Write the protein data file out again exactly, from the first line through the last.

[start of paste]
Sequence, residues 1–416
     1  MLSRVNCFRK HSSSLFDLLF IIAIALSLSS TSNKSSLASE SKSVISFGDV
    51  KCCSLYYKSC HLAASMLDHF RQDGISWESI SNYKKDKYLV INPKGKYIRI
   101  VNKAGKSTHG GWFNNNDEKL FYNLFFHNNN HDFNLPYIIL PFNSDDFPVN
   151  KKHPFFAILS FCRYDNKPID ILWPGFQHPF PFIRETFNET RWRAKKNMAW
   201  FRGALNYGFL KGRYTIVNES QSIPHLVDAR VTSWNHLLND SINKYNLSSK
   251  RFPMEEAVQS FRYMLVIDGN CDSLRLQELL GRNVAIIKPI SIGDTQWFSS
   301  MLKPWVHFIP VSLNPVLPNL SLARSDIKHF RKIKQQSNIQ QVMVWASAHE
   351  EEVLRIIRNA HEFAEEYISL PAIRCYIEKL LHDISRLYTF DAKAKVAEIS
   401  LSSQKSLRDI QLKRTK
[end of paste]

Sequence, residues 1–416
     1  MLSRVNCFRK HSSSLFDLLF IIAIALSLSS TSNKSSLASE SKSVISFGDV
    51  KCCSLYYKSC HLAASMLDHF RQDGISWESI SNYKKDKYLV INPKGKYIRI
   101  VNKAGKSTHG GWFNNNDEKL FYNLFFHNNN HDFNLPYIIL PFNSDDFPVN
   151  KKHPFFAILS FCRYDNKPID ILWPGFQHPF PFIRETFNET RWRAKKNMAW
   201  FRGALNYGFL KGRYTIVNES QSIPHLVDAR VTSWNHLLND SINKYNLSSK
   251  RFPMEEAVQS FRYMLVIDGN CDSLRLQELL GRNVAIIKPI SIGDTQWFSS
   301  MLKPWVHFIP VSLNPVLPNL SLARSDIKHF RKIKQQSNIQ QVMVWASAHE
   351  EEVLRIIRNA HEFAEEYISL PAIRCYIEKL LHDISRLYTF DAKAKVAEIS
   401  LSSQKSLRDI QLKRTK